Nandan Nilekani on his Imagining India blog makes an excellent case why Indian cities need to have local control rather than being controlled by state or central government agencies. He points to the Mumbai’s most recent episode of Islamic terrorism and asks where was the mayor:
I doubt many in Mumbai even know who the mayor of the city is – it’s a largely ceremonial post. There was no powerful official representing Mumbai’s city administration simply because the administration has no power to speak of. The responses in the immediate aftermath of the attacks – orders to the police and military, evacuation operations – flowed from the state and central governments. It was the state, central and defence officials who seemed to be in charge. An entire tier of government at the local level appeared non-existent.
This had huge repercussions in the speed and efficiency with which Mumbai responded to the attacks. The city’s police were ill-equipped for any sort of rapid response. The NSG commandos who cleared the hotels had to be flown in from Delhi – and after their arrival in Mumbai, had to wait for hours to be transported from the airport.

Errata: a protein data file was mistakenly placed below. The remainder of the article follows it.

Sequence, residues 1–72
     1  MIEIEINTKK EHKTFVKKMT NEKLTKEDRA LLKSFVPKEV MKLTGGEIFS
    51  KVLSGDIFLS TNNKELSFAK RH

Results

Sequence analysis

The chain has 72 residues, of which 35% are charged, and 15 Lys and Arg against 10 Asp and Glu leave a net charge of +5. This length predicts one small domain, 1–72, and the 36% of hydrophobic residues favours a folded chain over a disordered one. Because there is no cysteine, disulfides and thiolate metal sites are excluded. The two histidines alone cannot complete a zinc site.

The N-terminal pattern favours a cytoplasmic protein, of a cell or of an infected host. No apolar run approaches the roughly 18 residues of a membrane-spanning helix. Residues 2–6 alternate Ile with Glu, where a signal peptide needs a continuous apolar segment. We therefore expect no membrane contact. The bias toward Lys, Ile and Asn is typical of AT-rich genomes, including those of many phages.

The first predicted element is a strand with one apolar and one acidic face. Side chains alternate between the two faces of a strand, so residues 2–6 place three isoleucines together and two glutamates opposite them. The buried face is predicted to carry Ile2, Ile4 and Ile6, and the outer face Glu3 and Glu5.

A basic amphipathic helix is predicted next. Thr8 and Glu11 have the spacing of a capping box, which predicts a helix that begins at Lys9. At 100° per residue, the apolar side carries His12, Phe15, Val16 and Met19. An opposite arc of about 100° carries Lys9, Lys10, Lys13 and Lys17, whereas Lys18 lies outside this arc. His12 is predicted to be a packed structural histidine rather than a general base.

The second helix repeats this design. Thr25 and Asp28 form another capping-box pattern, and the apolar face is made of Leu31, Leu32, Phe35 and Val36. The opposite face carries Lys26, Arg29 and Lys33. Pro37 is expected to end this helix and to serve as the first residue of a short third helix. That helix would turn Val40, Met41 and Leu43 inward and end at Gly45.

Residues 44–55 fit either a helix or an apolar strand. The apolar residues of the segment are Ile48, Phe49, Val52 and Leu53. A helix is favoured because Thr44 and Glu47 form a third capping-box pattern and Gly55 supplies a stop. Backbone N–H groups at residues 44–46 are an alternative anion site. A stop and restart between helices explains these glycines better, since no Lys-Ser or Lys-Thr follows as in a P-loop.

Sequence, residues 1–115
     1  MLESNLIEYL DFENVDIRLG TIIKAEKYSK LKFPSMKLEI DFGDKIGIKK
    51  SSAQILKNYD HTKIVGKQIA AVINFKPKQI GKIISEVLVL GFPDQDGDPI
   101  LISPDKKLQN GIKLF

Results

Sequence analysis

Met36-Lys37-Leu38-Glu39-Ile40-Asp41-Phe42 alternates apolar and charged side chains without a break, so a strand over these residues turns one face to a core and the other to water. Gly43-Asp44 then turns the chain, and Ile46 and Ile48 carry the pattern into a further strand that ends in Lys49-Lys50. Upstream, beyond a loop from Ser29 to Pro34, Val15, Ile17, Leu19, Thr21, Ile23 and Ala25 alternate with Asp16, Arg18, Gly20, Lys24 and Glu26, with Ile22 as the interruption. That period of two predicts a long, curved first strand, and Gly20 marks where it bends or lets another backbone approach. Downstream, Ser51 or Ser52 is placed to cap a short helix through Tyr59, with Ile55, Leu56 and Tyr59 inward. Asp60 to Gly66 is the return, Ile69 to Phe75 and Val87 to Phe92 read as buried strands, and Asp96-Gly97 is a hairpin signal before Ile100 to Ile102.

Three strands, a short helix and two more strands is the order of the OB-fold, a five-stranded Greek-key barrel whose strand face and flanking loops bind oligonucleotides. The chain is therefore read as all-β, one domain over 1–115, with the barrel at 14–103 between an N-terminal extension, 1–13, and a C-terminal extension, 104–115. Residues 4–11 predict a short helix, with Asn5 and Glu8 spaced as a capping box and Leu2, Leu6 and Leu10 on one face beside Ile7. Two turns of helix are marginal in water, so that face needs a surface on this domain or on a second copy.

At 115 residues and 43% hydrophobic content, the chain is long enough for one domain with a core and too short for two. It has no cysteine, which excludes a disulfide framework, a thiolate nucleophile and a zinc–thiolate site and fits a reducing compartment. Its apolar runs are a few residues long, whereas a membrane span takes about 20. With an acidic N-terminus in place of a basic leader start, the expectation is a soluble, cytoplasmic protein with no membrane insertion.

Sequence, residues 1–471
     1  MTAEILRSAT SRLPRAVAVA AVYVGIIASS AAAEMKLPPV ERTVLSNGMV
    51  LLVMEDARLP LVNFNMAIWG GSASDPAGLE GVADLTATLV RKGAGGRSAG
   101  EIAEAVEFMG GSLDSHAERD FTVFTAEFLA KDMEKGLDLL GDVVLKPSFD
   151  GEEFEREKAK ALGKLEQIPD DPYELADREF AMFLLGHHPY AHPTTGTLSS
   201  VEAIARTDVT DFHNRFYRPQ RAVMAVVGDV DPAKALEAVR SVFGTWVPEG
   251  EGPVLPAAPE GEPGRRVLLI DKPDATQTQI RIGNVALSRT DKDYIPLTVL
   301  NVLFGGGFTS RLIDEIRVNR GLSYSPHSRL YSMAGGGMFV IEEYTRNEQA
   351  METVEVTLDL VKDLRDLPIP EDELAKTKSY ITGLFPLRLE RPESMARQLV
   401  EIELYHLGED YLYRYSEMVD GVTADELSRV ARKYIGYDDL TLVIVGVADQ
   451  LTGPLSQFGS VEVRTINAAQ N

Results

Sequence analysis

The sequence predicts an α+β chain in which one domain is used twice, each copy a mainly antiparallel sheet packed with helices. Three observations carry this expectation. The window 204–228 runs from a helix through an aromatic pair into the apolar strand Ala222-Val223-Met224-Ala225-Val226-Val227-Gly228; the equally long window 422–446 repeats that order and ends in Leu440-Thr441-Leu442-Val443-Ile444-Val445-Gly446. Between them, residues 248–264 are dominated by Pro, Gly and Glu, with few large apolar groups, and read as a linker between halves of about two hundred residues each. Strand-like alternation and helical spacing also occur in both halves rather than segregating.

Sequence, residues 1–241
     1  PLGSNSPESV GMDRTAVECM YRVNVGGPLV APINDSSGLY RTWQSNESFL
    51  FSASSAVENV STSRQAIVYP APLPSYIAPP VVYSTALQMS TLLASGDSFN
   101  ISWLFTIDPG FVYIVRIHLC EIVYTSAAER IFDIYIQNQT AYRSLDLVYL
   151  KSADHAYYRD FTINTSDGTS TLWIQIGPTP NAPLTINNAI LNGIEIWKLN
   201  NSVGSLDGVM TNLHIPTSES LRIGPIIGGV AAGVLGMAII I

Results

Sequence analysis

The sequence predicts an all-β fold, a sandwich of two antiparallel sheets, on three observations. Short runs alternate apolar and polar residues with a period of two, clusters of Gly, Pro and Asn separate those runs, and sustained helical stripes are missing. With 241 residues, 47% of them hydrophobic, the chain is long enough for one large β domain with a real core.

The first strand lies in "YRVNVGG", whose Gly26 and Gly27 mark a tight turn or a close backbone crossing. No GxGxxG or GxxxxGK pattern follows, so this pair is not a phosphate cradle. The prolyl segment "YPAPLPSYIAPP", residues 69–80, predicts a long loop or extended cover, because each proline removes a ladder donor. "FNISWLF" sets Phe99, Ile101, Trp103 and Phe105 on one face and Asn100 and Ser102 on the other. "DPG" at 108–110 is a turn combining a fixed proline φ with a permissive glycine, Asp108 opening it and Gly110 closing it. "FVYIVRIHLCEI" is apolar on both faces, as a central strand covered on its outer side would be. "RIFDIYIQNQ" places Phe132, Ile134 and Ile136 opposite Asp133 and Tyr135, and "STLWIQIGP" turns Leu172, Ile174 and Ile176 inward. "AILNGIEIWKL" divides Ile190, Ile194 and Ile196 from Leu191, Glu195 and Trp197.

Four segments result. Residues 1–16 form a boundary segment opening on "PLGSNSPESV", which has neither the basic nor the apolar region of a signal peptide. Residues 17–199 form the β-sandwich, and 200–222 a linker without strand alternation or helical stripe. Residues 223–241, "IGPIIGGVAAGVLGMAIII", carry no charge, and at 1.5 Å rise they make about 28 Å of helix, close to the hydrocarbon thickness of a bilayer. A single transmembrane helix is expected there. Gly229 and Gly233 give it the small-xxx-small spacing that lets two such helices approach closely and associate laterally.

As economists have pointed out, urbanization and economic prosperity are bidirectionally related as causes and consequences. To a significant extent, the poverty of India is directly a consequence of the neglect of planned urban growth. Gandhi and Nehru — as they usually do — get the wrong end of the stick and India suffers. I have made this point too frequently on this blog. Here’s Nandan:
The Indian city has long been exiled from our collective imagination. The romance of the ‘village republic’ for India’s politicians and the strong association of the city with the British Imperial Raj doomed the city in Independent India. Gandhi said, ‘I regard the growth of cities as an evil thing’ and for Nehru the city of New Delhi was ‘un-Indian’.
Now there is some hope for India. Thoughtful and influential people like Nandan Nilekani understand how the world works much better than politicians like Gandhi and Nehru. Which brings a broader point to mind: the shift of power from the (widely recognized as corrupt) politicians and bureaucrats to thoughtful people who create wealth and actually help social welfare.
Related posts: See “Urbanization and Development of India.”